I have recently noticed that for one of my papers Web of Science shows that it is cited in a paper from totally unrelated area. This looked strange, so I checked the paper and found out that it does not cite my paper. (One of my coauthors has the same initials and surname as author of some papers cited there, so the problem might have be caused simply by automated script.)

I have contacted them using the form on their website, explained the mistake and asked them to remove the incorrect citation. The reply was along the lines: "Thanks for contacting us. Cited references have been reviewed. Requested cited reference already available in WOS." This reaction suggests that they thought that I am requesting adding a citation rather than removing it. I am not sure whether I should waste my time in trying to contact them with the same issue again.

Are there some reasons why having some superfluous citation in WoS or similar database could cause problems for me?

When I think of any situations where numbers of citations of my papers would be needed for some kind of evaluation, the list of citations would be very probably prepared by me and not drawn directly from some indexing service. So I can simply omit the incorrect citations indexed in WoS. And even if there were some situations where somebody uses WoS as a way to evaluate my work, being cited in one paper does not influence the total result too much.

3 Answers 3


I believe that you have answered yourself in your question:

And even if there were some situations where somebody uses WoS as a way to evaluate my work, being cited in one paper does not influence the total result too much.

Nobody expects databases to be perfect. You are expected to do a reasonable job of self-curation, such that you are not, say, doubling your citation count by adding in many papers by other people. Small percentage errors, however, will change nothing significant in any evaluation of you and your work.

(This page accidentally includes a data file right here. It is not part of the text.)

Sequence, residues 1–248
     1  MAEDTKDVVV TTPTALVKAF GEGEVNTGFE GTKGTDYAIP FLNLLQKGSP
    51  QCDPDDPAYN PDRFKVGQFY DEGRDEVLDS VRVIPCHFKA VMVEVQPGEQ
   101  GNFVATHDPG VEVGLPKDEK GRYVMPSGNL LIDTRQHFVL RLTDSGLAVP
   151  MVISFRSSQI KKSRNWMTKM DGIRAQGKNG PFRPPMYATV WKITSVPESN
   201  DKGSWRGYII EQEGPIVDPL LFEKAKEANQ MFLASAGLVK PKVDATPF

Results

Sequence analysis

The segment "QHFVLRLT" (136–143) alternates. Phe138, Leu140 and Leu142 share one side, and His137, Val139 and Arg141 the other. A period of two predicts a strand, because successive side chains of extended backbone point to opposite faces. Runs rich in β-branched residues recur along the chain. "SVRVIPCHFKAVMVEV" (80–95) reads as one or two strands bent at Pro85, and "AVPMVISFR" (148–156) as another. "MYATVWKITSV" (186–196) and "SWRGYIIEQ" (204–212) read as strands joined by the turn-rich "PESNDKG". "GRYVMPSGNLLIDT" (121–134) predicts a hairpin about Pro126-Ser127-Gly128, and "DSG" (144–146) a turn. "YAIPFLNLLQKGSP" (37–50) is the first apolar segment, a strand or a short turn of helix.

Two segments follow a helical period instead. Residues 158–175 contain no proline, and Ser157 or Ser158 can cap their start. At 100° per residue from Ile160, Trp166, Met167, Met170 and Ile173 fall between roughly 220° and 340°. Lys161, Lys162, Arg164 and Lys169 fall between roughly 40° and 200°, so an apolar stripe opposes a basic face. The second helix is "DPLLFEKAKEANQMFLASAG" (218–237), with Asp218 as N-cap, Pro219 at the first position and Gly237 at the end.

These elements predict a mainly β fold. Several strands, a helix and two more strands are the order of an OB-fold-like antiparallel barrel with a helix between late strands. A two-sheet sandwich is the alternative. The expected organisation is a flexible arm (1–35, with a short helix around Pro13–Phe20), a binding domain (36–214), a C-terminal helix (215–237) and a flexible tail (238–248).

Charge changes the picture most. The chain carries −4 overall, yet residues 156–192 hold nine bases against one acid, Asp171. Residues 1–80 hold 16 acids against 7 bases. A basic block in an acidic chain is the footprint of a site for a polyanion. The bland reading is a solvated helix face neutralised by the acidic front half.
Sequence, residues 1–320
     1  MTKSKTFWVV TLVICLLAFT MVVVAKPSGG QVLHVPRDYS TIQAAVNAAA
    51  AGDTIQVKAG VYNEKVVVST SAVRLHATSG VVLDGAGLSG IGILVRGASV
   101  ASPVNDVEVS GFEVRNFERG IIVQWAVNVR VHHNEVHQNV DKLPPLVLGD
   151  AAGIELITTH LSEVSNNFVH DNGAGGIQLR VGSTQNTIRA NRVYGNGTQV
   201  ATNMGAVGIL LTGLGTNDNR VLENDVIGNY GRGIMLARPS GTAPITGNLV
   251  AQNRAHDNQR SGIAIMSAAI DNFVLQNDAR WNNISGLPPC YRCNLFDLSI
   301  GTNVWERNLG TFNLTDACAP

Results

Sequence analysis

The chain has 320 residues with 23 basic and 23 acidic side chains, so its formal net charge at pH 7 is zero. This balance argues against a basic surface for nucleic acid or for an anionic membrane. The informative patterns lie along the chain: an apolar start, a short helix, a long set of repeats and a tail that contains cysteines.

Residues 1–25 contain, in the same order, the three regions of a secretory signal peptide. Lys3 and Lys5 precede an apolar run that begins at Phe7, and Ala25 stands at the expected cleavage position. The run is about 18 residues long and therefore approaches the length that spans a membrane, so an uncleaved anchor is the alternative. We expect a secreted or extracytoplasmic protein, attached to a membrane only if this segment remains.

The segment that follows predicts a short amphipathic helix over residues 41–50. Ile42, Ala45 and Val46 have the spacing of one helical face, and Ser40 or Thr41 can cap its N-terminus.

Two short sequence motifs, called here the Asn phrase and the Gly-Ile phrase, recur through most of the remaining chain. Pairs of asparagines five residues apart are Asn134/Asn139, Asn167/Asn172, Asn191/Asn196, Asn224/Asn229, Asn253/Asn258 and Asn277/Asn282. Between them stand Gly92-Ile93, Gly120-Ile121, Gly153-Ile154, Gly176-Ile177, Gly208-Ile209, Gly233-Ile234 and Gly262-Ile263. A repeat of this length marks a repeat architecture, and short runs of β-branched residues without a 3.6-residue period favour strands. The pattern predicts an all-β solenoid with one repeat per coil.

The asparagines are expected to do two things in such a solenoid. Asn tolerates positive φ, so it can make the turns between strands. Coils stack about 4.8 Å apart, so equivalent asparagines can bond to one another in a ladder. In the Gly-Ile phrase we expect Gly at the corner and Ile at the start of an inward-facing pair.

It could potentially cause issues for someone else down the line, if said person is performing some sort of study of the graph formed by the citations and papers - especially if it links two unrelated areas of the graph together. Even if it might not harm you, there's probably no harm in emailing WoS back and telling them that they misunderstood you, and you were trying to get the citation removed since it was incorrect.


Basically, the problem comes down to weighing two different kinds of effort on your part: Either you personally have to sift through the citations to make sure none of these 'Phantom' citations exist, or you keep in contact with WoS to make sure they can improve their service. Considering that the latter may in fact result in a better experience for many users and seems less strenuous for you, it appears to be the obvious course of action.

Whether merely having these citations there could cause an actual problem for you... Well, even if you were cited or even miscited in an unrelated field that in no way affects the work you yourself produce. At worst, miscitations could be taken at face value as being representative of your work.

But such is not the case here, as you've already shown such citations do not actually exist. So this is at worst a clerical error that in no way truly misrepresents you or your work.

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